Our first Short-Hauls article is really two stories in one. First, a photo essay of TWA's retired fleet of Convair 880 jets as it was residing at TWA's maintenance and overhaul base next to Kansas City International Airport, in 1977. We think the photos speak for themselves.

The second story is about the photographer. A (then) 21-year old young man from Amstelveen, the Netherlands and how he found his way to Kansas City, to spend a day with the Convairs.

Fons Schaefers was (and still is) a self-described "aircraft buff". In the spring of 1977, he made his first trip to the United States with a plan: “To see as many interesting aircraft spotting sights as possible.” After landing in New York, Fons rode buses across the country, mostly heading to the airport of each city he visited (he admits to some “conventional" tourist activities in a few major cities). Heading west, Fons made one of his stops in Kansas City, as he knew about a group of 25 retired TWA Convair 880 jets sitting together at TWA’s overhaul base. Figuring these airplanes would soon be sold, scrapped or moved elsewhere, Fons hoped to photograph the world’s largest gathering of Convair 880s. On May 12, 1977, he stepped off a Greyhound bus in Kansas City and headed for the Kansas City International Airport.

Upon arrival at the airport, Fons walked into Terminal B, home of TWA's passenger operations. Looking east from the terminal, he could see the Convairs parked, however, they were about a mile away.  As Fons recalls, "Being young and not so organised, I had not contacted TWA beforehand." Undeterred, he approached a TWA agent asking if he could “visit” the Convairs. "Quite to my pleasant surprise, the agent found someone at TWA maintenance willing to help me." A few minutes later, Fons made the short trip from the terminal to the overhaul base by taxi. There he was greeted by Larry Andrews, a TWA employee in materials management. Fons remembers, "He allowed me to wander around the set of 25 identical aircraft and take photos. He was even so kind as to drive me back to the terminal afterwards." The result was a series of great photographs that today take us back to a moment in TWA's history. A tribute to the Convair 880s.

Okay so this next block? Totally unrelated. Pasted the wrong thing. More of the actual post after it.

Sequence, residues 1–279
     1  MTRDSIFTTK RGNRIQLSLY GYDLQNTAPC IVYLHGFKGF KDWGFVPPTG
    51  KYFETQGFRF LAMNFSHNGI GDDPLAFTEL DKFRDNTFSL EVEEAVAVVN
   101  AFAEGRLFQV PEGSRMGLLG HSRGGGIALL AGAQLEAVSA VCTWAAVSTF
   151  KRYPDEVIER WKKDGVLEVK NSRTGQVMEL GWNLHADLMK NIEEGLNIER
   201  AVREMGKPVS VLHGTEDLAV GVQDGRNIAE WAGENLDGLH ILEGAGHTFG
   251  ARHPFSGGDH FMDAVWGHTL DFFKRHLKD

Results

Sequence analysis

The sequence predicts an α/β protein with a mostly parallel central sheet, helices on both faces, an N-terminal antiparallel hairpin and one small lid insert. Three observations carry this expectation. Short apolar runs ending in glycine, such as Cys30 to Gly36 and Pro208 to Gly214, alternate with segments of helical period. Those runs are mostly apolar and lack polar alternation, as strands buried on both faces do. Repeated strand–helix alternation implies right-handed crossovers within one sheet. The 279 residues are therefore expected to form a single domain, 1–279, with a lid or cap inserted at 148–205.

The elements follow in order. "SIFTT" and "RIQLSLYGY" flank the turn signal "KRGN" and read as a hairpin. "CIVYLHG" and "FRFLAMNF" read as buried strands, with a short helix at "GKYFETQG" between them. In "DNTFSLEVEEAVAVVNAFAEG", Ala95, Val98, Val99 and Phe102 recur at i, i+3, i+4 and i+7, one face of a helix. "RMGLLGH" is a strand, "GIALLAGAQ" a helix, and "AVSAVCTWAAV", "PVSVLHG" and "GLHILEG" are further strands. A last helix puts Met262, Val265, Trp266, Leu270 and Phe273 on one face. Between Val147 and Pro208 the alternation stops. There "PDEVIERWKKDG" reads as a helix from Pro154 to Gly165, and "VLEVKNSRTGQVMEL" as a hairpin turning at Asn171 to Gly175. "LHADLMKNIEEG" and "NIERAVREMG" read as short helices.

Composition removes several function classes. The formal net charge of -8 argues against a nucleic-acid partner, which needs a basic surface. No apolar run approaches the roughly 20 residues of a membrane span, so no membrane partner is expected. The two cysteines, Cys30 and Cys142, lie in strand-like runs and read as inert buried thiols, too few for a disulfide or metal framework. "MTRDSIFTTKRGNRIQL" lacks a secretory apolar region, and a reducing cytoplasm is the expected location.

Today, 43 years later, Fons is a retired aircraft safety engineer and lives in the quiet village of Surhuizum, in the Netherlands. His career included working for the Fokker aircraft company, Martinair (a Dutch airline) and SGI Aviation Services (a consulting company). He currently is in the process of writing a book about the history of aircraft cabin safety. He points out that TWA played a pioneering role in the research and development of large commercial aircraft evacuation, beginning in the early 1950s.